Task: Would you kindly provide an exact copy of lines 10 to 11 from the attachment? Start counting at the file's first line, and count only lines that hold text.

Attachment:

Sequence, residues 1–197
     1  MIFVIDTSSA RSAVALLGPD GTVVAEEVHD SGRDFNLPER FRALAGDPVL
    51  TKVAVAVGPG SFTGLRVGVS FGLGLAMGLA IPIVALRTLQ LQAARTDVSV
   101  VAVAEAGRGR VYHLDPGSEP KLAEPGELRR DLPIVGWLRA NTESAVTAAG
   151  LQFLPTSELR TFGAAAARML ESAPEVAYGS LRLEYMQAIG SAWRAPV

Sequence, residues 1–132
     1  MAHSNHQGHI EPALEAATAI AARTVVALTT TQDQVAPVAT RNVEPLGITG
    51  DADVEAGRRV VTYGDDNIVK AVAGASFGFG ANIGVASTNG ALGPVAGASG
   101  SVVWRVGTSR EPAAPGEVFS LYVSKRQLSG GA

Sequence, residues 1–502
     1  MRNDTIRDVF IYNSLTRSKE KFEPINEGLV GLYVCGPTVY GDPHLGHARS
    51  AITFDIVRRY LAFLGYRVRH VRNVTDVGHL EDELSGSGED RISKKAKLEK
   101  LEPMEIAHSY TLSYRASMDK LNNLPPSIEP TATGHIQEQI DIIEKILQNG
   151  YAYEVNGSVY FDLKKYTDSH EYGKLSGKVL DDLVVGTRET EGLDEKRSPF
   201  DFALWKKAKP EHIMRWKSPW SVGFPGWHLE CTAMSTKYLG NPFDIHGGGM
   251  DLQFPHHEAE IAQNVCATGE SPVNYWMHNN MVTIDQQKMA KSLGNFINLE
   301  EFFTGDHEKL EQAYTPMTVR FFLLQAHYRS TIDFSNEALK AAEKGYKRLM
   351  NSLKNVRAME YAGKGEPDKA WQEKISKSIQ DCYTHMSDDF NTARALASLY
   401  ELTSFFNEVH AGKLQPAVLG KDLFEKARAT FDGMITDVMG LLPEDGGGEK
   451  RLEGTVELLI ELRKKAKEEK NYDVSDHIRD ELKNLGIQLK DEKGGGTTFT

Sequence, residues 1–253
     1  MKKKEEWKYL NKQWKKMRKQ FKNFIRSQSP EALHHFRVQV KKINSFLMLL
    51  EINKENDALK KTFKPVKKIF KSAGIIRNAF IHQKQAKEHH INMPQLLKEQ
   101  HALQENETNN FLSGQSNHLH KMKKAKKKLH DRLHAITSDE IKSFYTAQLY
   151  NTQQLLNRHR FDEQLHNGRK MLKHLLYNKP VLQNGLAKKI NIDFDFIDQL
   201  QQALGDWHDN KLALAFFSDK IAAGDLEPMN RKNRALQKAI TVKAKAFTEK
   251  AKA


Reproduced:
Sequence, residues 1–502
     1  MRNDTIRDVF IYNSLTRSKE KFEPINEGLV GLYVCGPTVY GDPHLGHARS